Attendees touch elbows to great each other at a preparatory meet in May 2021 in the UK before the G-7 leaders summit in June.
A key G7 panel has suggested that the bloc set up a Critical Supply Forum to identify emerging risks and provide policy coordination for national governments in times of crisis to ensure that the flow of critical goods and services doesn’t stop.
The suggestion is part of the policy recommendations on a broader range of issues by the G7 Economic Resilience Panel, which was presented to the G7 leaders who are expected to discuss and act on them during their three-day summit beginning on June 11 in Cornwall, United Kingdom.
“The G7, working with other open economies and relevant international organisations like the OECD, should lead the establishment of a Critical Supply Forum to identify emergent risks; build common vulnerability indicators and methodologies, share best practices, and provide a policy coordination forum for national governments in times of crisis to ensure trade measures support the necessary flow of critical goods and services,” the panel said.
The suggestions are meant to not only overcome trade and logistical challenges that arise during a global economic crisis but also work on curbing the growing dominance of China and Russia in critical goods, senior trade experts said.
For this purpose, it suggested that a G7+ Rapid Response Mechanism for Essential Goods in Crises be coordinated to facilitate early, political-level coordination during future crises, and an information-sharing platform called Critical Minerals and Metals Information System (CriMMIS) be incubated.
Crucially, health, critical minerals and the increasingly contentious sector of semiconductors have been flagged as critical.Eye on semiconductors
Semiconductors are the building blocks for a range of industries such as electronics, power, computer hardware and engineering, with integrated circuit boards being the bedrock of modern technology.
Sudden swings in global semiconductor trade flows have led to volatility, price rises and a shortage in the sector, which have taken a toll on automotive, industrial and communications products. The issue was flagged by the US government after an executive order on supply chains signed by President Joe Biden in late February directed government departments to assess supply chain vulnerabilities.
The semiconductor market is poised to grow by $90.8 billion during 2020-2024, progressing at a CAGR of over 4 percent during the forecast period, according to the World Semiconductor Trade Statistics.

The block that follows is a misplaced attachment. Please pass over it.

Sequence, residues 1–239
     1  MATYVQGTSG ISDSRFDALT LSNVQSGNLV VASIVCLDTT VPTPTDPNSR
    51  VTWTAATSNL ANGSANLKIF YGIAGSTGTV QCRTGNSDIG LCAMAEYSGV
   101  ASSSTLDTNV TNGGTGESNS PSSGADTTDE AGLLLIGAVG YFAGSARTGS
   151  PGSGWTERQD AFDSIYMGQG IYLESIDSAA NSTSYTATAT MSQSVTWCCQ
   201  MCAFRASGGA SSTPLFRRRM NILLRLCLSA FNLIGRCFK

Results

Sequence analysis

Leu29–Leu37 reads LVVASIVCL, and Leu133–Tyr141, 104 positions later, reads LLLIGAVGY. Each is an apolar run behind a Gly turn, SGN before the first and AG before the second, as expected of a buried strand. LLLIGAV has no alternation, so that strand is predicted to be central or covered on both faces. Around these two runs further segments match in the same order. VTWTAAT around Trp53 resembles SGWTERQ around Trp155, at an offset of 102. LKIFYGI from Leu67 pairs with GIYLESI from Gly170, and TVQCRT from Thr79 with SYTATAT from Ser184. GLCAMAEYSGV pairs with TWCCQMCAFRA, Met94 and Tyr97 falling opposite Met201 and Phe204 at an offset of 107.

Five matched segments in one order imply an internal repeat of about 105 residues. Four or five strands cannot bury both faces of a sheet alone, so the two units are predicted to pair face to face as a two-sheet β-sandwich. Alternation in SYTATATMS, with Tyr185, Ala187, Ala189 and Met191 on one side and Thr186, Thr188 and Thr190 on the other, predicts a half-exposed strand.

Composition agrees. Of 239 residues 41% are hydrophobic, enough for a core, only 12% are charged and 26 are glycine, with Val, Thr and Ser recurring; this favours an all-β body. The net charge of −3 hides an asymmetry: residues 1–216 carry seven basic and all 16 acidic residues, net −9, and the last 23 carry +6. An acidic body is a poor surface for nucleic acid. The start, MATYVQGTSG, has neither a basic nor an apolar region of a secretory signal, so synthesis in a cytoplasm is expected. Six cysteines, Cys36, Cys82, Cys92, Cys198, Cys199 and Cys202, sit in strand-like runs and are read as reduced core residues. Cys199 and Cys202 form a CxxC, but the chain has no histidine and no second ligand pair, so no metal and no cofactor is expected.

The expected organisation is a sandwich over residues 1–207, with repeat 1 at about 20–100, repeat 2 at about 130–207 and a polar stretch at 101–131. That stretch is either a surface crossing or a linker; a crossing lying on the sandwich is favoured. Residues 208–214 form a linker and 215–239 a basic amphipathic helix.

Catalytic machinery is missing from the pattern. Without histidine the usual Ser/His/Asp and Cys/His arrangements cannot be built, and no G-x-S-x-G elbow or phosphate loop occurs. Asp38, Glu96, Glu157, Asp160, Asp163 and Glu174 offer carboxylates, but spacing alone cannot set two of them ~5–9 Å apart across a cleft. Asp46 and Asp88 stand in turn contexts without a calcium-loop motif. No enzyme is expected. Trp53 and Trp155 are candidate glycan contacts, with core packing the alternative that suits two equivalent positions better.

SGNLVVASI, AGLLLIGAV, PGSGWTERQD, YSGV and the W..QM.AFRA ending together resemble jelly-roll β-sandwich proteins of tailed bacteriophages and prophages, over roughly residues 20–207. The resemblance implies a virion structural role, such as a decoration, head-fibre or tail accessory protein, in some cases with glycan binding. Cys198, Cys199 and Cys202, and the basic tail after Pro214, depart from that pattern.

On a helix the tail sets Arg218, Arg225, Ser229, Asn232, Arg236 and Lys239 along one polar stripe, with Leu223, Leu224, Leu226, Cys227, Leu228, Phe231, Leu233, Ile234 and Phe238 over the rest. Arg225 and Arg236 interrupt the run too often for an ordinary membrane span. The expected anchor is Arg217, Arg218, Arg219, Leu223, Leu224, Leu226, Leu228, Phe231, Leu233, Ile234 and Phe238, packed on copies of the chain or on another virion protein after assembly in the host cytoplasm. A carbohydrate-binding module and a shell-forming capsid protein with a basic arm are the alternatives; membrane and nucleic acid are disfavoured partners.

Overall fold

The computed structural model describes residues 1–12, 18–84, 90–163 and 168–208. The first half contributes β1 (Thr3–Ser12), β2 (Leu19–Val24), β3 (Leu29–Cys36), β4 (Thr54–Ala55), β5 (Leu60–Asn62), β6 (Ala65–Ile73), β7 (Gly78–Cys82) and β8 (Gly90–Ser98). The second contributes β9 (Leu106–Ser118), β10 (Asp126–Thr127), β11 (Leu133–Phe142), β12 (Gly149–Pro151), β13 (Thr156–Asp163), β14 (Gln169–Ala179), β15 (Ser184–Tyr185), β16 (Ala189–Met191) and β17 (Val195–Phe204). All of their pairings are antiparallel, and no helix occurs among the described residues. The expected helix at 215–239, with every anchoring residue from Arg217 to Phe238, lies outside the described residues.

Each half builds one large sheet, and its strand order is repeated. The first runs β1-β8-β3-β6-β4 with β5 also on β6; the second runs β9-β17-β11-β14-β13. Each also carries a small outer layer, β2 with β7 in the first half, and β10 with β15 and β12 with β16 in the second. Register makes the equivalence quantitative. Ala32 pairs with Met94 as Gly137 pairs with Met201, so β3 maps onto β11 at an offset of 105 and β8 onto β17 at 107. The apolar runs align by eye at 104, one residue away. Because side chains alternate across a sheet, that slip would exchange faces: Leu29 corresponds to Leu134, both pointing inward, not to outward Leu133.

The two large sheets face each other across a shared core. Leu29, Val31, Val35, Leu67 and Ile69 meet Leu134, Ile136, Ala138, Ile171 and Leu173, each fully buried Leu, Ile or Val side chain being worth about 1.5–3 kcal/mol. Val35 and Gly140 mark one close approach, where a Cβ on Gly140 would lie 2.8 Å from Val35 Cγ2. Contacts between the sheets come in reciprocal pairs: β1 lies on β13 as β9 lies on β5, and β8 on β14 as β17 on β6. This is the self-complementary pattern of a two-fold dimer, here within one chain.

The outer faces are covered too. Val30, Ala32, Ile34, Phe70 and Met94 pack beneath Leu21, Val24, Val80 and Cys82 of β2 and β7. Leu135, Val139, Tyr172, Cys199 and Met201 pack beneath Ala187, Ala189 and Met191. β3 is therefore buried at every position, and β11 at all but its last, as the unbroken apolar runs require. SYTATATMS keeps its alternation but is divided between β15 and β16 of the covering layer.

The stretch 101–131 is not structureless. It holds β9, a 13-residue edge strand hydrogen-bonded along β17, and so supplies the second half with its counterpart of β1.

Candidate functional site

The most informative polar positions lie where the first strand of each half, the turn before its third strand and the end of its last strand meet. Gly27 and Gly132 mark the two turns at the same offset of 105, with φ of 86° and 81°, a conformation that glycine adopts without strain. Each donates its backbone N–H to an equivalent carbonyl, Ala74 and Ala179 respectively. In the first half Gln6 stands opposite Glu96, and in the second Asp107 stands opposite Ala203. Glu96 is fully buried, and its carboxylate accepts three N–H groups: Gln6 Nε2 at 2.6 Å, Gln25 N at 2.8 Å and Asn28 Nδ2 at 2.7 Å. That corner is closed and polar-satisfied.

Despite the pandemic, global semiconductor sales increased 6.5 percent to $439 billion in 2020, according to the US-based Semiconductor Industry Association. Most of this revenue found its way to the US, Taiwan and South Korea, which have the largest semiconductor producers in the world.
With Chinese production gaining pace and Beijing developing the next generation of semiconductors, Biden is pushing the US Congress to approve more than $50 billion in funding to advance domestic manufacturing of semiconductors as well as research and development. Other western nations are following suit.WTO action
The panel supported accelerating plurilateral initiatives within the World Trade Organization, which has increasingly been dominated by rivalries between major players such as the US and China.
Apart from creating consensus-based, stronger multilateral rules, the G7 panel’s most striking suggestion was one on the environment.
The panel said climate should be made an integral part of the modernization agenda by advancing negotiations on plurilateral agreements to phase out tariffs on environmental goods, and revising existing agreements to encourage decarbonization and supply chain resilience, including revising rules on incentives and subsidies.
It urged the G7 leaders to work on dispute settlement reform at the WTO and strengthen the connection between trade and health by deepening the WTO Agreement on Trade in Pharmaceutical Products.
The panel asked the leaders to ensure that the Agreement on Trade-Related Intellectual Property Rights is not used to abuse market power over life-saving drugs, a key argument raised by India in its demand for an at least three-year waiver of intellectual property rights globally for COVID-19 vaccines.
In a move aimed at China, the panel said the G7 should deepen efforts to address market distortions caused by unfair subsidies and uncompetitive behaviour of state-owned-enterprises.